'Butterfly nebula': Hubble Telescope captures images of two stars, dust in wing formation
Images of the Twin Jet Nebula, officially known as the PN M2-9, were captured as the nebula's center is slowly collapsing, causing the dying star to shed its outer layers. The larger, dying star is orbited by the small star, or small white dwarf, which pulls those layers in a bipolar pattern, exemplified by the iridescent "wings" of the cosmic butterfly.
As the outer layers fade out, the dying star's core shines, illuminating two giant gas jets moving at more than one million kilometers (621,400 miles) per hour.
"The characteristic shape of the wings of the Twin Jet Nebula is most likely caused by the motion of the two central stars around each other,"NASA said. "It is believed that as the dying star and white dwarf orbit around their common center of mass, the ejected gas from the dying star is pulled into two lobes rather than expanding as a uniform sphere."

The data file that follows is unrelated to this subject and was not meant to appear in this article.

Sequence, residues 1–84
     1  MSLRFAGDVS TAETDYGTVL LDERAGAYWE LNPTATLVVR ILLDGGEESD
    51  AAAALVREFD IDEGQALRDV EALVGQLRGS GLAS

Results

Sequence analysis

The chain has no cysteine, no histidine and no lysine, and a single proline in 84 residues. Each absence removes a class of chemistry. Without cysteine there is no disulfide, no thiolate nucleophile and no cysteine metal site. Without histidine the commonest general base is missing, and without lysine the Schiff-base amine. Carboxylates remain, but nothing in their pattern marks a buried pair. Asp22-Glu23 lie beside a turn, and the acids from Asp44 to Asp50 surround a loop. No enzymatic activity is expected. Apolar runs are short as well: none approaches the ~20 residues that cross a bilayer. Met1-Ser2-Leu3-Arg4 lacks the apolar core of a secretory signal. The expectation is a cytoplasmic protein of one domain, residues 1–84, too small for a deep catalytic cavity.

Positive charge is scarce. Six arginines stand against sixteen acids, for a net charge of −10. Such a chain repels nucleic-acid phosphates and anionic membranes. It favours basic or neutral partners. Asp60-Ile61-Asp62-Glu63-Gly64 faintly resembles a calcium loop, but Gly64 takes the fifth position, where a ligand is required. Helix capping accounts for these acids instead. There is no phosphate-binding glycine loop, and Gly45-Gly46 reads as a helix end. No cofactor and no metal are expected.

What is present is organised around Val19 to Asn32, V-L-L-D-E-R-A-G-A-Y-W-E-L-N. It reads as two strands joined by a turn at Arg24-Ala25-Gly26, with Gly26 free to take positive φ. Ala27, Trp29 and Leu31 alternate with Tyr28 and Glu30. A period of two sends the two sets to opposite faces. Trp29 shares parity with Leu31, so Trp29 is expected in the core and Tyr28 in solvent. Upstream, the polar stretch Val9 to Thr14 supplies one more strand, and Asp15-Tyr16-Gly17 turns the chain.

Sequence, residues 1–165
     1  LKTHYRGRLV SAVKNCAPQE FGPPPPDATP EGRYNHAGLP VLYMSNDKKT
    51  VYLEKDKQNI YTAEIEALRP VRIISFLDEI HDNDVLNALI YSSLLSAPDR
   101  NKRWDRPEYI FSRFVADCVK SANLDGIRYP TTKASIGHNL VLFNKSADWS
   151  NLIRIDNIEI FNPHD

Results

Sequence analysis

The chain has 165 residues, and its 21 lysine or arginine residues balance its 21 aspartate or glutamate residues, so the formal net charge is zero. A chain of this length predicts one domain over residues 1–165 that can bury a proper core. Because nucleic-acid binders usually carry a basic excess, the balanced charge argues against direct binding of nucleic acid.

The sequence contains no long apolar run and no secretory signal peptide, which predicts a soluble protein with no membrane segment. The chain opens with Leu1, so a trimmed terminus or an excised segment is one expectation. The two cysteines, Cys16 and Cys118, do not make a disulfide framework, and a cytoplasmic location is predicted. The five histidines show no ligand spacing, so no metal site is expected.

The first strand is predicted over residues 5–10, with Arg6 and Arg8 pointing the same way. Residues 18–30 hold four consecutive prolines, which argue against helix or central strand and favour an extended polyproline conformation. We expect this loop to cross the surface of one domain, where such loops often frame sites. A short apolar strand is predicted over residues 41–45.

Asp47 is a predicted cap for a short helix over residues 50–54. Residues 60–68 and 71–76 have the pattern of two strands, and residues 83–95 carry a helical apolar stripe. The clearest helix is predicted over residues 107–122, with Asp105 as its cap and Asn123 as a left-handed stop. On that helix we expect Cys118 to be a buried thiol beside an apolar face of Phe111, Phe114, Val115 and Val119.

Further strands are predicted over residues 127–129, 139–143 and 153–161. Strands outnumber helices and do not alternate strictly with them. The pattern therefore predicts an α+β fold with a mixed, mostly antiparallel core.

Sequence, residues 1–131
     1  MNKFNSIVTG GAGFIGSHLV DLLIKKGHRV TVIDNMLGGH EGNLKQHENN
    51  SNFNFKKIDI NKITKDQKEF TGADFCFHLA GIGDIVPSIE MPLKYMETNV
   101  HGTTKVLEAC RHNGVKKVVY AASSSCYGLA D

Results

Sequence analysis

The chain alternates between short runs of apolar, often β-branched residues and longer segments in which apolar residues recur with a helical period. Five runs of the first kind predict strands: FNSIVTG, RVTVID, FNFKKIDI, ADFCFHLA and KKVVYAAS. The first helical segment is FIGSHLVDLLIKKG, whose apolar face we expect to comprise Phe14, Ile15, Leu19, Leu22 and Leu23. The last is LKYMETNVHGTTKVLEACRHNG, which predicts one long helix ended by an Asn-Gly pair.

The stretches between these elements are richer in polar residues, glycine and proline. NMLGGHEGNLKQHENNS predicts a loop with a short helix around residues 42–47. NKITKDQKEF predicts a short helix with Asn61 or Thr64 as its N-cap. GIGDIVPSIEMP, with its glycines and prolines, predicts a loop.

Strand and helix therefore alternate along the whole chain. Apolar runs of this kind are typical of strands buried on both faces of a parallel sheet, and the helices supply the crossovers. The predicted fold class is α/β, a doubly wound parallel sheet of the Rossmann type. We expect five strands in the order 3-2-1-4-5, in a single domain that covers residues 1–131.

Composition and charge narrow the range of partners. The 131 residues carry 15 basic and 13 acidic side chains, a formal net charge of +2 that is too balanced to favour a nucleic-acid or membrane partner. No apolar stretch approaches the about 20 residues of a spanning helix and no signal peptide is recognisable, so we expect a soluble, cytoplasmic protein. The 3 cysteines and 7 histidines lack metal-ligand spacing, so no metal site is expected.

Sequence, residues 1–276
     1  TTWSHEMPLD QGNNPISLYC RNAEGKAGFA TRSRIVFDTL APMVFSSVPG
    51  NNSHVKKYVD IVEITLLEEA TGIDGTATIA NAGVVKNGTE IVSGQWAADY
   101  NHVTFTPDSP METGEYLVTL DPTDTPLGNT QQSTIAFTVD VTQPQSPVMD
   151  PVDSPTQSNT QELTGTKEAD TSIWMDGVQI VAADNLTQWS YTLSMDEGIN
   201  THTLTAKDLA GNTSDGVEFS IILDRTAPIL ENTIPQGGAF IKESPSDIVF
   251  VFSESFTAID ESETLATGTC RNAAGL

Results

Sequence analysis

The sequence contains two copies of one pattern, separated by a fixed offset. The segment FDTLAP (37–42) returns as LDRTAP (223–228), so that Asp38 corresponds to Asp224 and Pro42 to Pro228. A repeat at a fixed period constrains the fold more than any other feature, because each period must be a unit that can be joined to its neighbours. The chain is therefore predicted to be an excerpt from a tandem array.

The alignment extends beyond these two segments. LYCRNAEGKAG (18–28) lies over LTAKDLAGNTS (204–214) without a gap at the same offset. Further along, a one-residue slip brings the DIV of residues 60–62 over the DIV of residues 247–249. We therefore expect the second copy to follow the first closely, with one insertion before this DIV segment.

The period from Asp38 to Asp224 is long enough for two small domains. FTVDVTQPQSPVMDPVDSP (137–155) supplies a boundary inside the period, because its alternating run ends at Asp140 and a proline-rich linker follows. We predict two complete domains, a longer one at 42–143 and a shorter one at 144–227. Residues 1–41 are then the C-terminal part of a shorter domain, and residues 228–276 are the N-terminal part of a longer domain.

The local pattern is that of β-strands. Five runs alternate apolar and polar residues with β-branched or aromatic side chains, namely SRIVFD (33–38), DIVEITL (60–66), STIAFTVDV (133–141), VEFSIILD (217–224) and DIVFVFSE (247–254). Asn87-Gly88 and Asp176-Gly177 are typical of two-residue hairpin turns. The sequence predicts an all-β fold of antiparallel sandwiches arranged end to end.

Researchers say the nebula was created about 1,200 years ago, according to NASA. The nebula's wings are expected to grow as the stars continue spinning around one another at a pace of once every 100 years.
"This rotation not only creates the wings of the butterfly and the two jets, it also allows the white dwarf to strip gas from its larger companion, which then forms a large disc of material around the stars, extending out as far as 15 times the orbit of Pluto!" NASA reported.
The Hubble Telescope is operated by NASA and the European Space Agency. Hubble began its mission in 1990, providing unparalleled perceptions of the cosmos. The telescope has been serviced five times since its launch.